rather than hardcore action. The comedy itself often ranged from
    legitimately funny to insultingly corny. Nevertheless, James Avery’s
    Shredder and Pat Fraley’s Krang were always good for a laugh.

    Kids
    got a darker take on “Ninja Turtles” with the 1990 live-action movie.
    The film was pleasant to look at, had some well-choreographed action,
    and can be viewed today as a 90’s time capsule of sorts. In retrospect,
    though, we all know that the “Ninja Turtles” cartoon and motion picture
    aren’t necessarily good per se. They’re still a ton of fun to watch, but
    that fun derives more from nostalgia than quality. Obviously, they’re
    not in the same league of something like the best Disney animations,
    which hold up as great art without nostalgic glasses.

    The biggest
    problem with both the show and movie was the serve lack of distinctive
    leading characters. As mentioned before, this was an era where kids
    shows were solely made to mass-produce toys. Because of this, it was
    customary to simply color coat characters instead of giving them
    distinguishing personalities. That’s not to say that the four Ninja
    Turtles didn’t have some differences. As the title theme song written by
    Chuck Lorre goes, “Leonardo leads, Donatello does machines, Raphael is
    cool, but rude, Michelangelo is a Party Dude.” But aside from those
    slight character traits, they were all basically the same
    interchangeable turtle that spouted dated slang like, “Cowabunga.” The
    only things that honestly set them apart were their weapons and the
    colors of their bandanas. Maybe that’s why the voices constantly got
    mixed up.

    It
    wasn’t until the 2003 reboot that the Ninja Turtles started to emerge
    as individuals. The turtles each had the key traits they were given in
    the previous cartoon series, but those traits were all significantly
    expanded upon and given more depth. Never before had Ralph seemed more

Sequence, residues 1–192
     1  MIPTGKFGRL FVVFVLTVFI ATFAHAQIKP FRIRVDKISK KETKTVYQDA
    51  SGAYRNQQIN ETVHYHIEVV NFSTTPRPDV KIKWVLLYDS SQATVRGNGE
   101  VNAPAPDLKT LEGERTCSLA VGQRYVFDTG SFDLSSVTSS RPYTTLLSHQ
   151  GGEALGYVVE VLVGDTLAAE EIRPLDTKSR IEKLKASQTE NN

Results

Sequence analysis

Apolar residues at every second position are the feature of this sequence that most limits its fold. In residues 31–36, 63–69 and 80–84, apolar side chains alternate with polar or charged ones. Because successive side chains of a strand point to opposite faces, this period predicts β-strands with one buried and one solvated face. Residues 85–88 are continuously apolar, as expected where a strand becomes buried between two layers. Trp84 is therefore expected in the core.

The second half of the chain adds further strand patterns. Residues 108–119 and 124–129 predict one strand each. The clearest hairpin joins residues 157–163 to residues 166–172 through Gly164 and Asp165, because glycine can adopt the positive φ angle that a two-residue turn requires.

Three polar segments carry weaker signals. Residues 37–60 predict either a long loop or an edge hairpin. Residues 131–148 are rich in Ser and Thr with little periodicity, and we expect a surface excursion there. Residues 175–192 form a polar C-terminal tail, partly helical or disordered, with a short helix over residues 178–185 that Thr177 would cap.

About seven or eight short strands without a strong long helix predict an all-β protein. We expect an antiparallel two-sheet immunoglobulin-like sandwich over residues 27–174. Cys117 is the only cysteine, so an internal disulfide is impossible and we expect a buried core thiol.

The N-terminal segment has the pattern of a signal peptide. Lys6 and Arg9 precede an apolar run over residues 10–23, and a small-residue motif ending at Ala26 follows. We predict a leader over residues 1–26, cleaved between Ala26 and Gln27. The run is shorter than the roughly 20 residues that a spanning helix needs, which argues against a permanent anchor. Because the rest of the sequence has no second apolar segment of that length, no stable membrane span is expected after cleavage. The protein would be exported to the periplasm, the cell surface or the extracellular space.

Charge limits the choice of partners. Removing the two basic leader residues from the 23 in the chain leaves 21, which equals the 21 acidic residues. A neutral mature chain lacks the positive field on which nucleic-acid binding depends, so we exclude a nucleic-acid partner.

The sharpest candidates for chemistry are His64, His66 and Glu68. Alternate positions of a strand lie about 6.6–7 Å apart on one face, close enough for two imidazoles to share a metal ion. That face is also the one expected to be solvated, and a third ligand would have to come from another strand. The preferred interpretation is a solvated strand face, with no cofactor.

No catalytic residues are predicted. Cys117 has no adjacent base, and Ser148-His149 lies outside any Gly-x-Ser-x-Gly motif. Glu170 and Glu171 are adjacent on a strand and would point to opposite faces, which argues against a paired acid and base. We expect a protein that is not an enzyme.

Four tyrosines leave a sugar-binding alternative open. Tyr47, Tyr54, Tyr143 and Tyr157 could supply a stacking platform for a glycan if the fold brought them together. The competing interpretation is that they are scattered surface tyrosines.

badass, nor had Mikey been more of a wiseass. For the first time, you
    could tell the difference between the four based on personality and not
    bandana color. The showrunners set out to explore to dynamic between
    this unlikely family, producing some legitimate drama.

    Speaking
    of drama, this was easily the most adult incarnation mass audiences had
    ever seen from the Ninja Turtles. As far as kid shows go, it was
    probably the darkest we had gotten since “Batman: The Animated Series”
    and “Gargoyles.” Sure, there was no blood, but there might as well have
    been as Leonardo is stabbed through the shoulder and Baxter Stockman
    loses a body part per episode. As for the Shredder, let’s just say that
    compared to the 1987 series it’s like “Dark Knight Rises” Bane VS
    “Batman & Robin” Bane. The show never went too far with its more
    adult approach, though. The creators always knew this was “Ninja
    Turtles” and that the show had to be fun for kids above all else.

    While
    it was equally fun and dramatically involving, the 2003 reboot wasn’t
    without its share of dud episodes. The final “Flash Forward” and “Back
    to the Sewers” seasons can pretty much be skipped altogether. Still, the
    show was a massive step forward for this franchise with sharp animation
    and sophisticated storylines. The original cartoon’s sheer camp value
    has made it a more definitive version in the eyes of popular culture.
    Nevertheless, 2003’s “Ninja Turtles” is undoubtedly the superior series
    in terms of quality, revealing that this franchise could be more than
    just colorful junk food.

    When
    it was announced that a third “Ninja Turtles” animated series was in
    the works for 2012, I had a hard time getting even remotely excited. We
    had already gotten a campy cartoon with the 1987 series, a gritty
    cartoon with the 2003 series, and a made for television crossover movie